Everyone who knows who Horatio Nelson Jackson is, please raise your hand. If we had the visual capability to count the hands, I dare say there would be very few; but Jackson could be legitimately described as one of the pioneers in our industry.
In 1903, Jackson was a 31-year-old medical doctor from Burlington, Vt., who happened to be visiting San Francisco with his wife. It's not clear how the subject came up, but in the course of a conversation at San Francisco's University Club, he bet $50 (about $1,200 in today's currency) that a four-wheeled machine could be driven across the United States. So when it came time to return to Vermont, Mrs. Jackson took the train, and Dr. Jackson decided to drive. Although he was an automobile enthusiast, no one had ever driven across the country before, and most were of the opinion that the new-fangled automobile was just a fad and would eventually disappear from the scene altogether.
But that opinion was not shared by Jackson. He was so convinced that the automobile was a viable means of transportation that he was willing to risk $50 and an unknown amount of time to prove it. Yet for all his enthusiasm, he had very little driving experience and no mechanical capability, so he hired a 22-year-old mechanic, Sewall K. Crocker, to accompany him on the journey.
There was also a more basic problem. Jackson didn't own a car, but after purchasing a two-cylinder, 20-horsepower 1903 Winton Touring Car and loading it with supplies and tools, he and Crocker were ready to go. On May 23, 1903, they pulled out of San Francisco. Fifteen miles later, they had their first flat tire.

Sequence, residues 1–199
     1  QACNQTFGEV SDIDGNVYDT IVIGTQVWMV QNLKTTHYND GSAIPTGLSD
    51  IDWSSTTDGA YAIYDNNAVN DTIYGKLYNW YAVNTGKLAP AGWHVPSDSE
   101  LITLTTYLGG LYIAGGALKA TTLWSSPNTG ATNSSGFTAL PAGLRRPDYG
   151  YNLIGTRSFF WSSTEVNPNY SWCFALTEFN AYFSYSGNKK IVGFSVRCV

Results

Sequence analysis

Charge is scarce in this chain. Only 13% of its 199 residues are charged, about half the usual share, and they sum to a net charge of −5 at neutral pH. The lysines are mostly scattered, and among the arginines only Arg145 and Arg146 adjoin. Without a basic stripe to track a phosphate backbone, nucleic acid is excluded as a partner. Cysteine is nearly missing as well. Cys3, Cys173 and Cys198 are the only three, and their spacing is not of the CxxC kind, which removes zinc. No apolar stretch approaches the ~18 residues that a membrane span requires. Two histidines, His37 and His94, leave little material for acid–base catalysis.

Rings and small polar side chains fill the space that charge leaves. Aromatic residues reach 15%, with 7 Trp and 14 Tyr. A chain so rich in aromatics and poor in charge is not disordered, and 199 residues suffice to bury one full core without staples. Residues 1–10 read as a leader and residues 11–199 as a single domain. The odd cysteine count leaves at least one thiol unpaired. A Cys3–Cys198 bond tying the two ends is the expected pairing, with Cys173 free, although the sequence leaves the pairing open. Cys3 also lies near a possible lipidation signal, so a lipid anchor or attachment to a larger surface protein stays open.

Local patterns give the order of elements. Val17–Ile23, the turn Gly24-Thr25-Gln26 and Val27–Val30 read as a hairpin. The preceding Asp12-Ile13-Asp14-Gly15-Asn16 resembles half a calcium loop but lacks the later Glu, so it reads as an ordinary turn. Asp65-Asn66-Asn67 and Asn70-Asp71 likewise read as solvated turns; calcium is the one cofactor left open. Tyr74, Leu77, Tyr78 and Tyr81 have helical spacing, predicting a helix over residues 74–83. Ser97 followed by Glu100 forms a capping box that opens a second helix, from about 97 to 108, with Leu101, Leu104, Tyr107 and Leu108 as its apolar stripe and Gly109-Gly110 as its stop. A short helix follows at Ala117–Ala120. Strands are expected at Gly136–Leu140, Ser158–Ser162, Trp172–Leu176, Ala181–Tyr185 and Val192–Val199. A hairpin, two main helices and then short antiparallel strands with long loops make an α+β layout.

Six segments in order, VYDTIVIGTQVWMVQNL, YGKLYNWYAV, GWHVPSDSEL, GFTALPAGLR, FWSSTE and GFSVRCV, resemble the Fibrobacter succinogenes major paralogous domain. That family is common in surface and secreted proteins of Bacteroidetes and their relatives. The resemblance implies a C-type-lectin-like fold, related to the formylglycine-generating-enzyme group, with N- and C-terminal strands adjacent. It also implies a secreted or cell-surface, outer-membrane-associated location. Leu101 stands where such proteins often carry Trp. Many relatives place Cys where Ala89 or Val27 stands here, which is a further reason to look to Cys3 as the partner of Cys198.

For much of the journey through the West, they followed the Union Pacific Railroad right of way, deciding to take a northern route rather than try to travel through desert country and the highest parts of the Rockies. Alexander Winton, the founder of the company that had built Jackson's car, had already failed to cross the Nevada desert in a car similar to Jackson's.
Their misadventures during the trip were too numerous to describe here, but suffice it to say, it was an arduous and challenging journey. One landowner charged them a toll to cross his land. Another time, a woman gave them directions that sent them 100 miles out of their way so her relatives could see an automobile. And the list goes on. Breakdowns, of course, were a common occurrence, but still Jackson and Crocker persevered.
On a brighter note, in Idaho they acquired a mascot, a pit bull named Bud, and the three of them became instant celebrities in every town they passed through. Also, when they reached Omaha, Neb., they began to encounter a few paved roads, which made travel much easier. Finally, on July 26, 1903, they rolled into Burlington 63 days and 4,200 miles after leaving San Francisco.
Transportation affects every man, woman, and child in the country—indeed, the world; but we tend to give it little thought unless something goes wrong. Transportation is also steeped in history and invention, although many are familiar with only the broad-brush picture. We are all aware of major transportation developments such as the completion of the first transcontinental railroad and the interstate highway system, and the invention of the first diesel engine and the steamboat. We've all heard of pioneers like the Wright Brothers, Robert Fulton, and George Stephenson. But we are often unaware of the many other individuals who were true pioneers in the development of the mobility the entire world enjoys today. Dr. Horatio Nelson Jackson was one of these.